ANOTHER February. Another year. Another classic four-bed. How will it do price-wise?
It’s very different economic circumstances today than in February ’22, when a 1963-built Limetrees semi-d called Glenawilling, built in the grounds of the 18th century original Maryborough House on the edge of Douglas, Cork City, came for sale with a €460,000 AMV. It sold for a strong €570,000.
Now, a few doors away comes Kilcoran, or No 29 Limetrees Road, and it’s priced at €490,000 on launch: it’s a fine buy, a four-bed semi-d in excellent shape, especially for a 50 year old home and it’s being sold by long-time residents who extended it mildly in 1980, and who are now scaling back.
But No 29 comes to market when there’s a continuing war to the east, increases in interest rates, stubbornly high renovation costs, and somewhat deflated confidence, with mild economic and employment sector jitters.
Given the evergreen interest in this location at the foot of Maryborough Hill, where Douglas meets Rochestown, there’ll be wide Cork market ‘barometer’ interest as to how it will go in bids, including locals.
First and foremost may well be the €570k buyers of Glenawilling, who now appear to have the builders in and who were determinedly bidding and buying during the period of change that swept in from Russia.
And, up and down this leafy, well-routed residential location which includes both detacheds and semis at Limetrees Road, Limetrees Road East, Lislee and Maryborough Avenue, the pace of upgrades continues as a new generation of owners buy in, and extensions crop up, added to at sides, back, up into attics and as energy retrofits take place and as replacement windows turn to shades of greys (facing this stretch is a row of about a dozen detached Limetree homes showing signs of ‘architect input’, rolling out in grey.) Auctioneers Brian Olden and Malcolm Tyrrell of Cohalan Downing are selling No 29 and vouch for just how well houses like these in Maryborough, built by Coveneys with attractive extras for the day such as oak floors, coving, porthole windows in enclosed porches etc, can be brought bang up to date with architect/engineer inputs, capable of hitting B1 BERs with deep retrofits and wily use of grants.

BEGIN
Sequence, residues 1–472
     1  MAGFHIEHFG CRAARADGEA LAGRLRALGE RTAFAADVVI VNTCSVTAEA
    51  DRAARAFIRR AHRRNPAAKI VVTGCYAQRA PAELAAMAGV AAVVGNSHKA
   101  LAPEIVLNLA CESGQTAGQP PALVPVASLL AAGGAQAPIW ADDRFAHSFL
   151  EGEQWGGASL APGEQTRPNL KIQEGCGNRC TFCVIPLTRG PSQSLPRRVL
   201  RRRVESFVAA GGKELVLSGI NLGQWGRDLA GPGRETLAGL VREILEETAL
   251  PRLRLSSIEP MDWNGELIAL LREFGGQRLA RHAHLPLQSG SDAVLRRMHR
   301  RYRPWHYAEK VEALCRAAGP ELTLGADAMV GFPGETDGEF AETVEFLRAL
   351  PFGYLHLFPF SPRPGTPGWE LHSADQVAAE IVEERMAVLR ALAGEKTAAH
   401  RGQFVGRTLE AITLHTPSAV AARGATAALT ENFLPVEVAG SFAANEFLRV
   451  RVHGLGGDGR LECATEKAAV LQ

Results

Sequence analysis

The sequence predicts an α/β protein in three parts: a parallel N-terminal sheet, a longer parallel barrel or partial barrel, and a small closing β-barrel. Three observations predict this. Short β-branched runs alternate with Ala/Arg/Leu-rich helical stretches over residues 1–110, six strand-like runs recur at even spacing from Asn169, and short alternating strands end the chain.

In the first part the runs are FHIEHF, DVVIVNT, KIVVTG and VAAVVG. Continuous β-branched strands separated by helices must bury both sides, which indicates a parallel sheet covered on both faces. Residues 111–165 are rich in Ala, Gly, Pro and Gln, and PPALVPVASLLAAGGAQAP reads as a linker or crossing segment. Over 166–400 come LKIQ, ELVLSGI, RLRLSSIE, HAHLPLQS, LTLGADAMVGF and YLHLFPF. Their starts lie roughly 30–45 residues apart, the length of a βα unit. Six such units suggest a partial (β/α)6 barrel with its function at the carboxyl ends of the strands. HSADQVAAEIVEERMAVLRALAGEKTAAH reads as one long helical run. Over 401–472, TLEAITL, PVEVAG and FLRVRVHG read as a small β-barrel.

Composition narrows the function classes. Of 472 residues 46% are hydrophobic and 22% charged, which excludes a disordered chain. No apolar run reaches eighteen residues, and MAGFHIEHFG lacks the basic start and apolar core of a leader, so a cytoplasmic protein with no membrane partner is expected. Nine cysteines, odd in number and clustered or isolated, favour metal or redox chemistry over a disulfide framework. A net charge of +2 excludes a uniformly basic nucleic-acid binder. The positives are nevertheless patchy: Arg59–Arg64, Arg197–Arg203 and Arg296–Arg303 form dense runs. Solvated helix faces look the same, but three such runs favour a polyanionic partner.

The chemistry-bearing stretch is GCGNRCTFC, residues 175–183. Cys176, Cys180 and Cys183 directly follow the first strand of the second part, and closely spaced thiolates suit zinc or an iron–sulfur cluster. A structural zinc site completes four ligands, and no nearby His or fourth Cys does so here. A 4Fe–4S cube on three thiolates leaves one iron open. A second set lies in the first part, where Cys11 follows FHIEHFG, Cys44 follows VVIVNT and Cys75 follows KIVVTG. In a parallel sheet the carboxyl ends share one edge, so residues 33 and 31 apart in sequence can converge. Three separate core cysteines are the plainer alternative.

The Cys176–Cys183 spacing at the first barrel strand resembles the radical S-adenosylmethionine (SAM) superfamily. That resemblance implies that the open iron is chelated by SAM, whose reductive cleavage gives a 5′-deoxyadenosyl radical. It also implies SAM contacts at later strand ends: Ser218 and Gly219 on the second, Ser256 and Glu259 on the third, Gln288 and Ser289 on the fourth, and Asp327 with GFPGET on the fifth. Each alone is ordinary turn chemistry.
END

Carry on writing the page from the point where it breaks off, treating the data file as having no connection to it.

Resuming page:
Right now, No 29 aka Kilcoran has a D1 BER and is just shy of 1,600 sq ft after its c 1980s add-on to the back, giving about an extra 8’ of depth to the rear living room and to a larger than-standard kitchen.
It’s only a single story addition, but has the effect of making this house seem larger than the standard, the narrow oak strip floored hall is nice and wide and the owners managed to fit a guest WC in too by the side- entered enclosed porch. It has been spotlessly kept, and presents with neutral wall colors and flooring, so new owners can do little, or lots, in increments, in a whirlwind or not at all, as their time, budget, ambitions and energies permit post-purchase.
Houses this side have a good aspect, south-west to the back with a good distance between them and neighbours on Maryborough Avenue, over the mature and screening hedging, and there’s off-street parking, and a garage touching No 29’s back corner and capable of being extended into.
The Price Register shows 78 sales over €500k with a Maryborough address, among them a large, luxe rebuild called Clonard on Maryborough Hill, entered from Maryborough Avenue, featured here in Property in April 2022 and sold the same year by Cohalan Downing for €1.5m on Maryborough Hill.
The Register shows just two Limetrees (or, also spelled Lime Trees) resales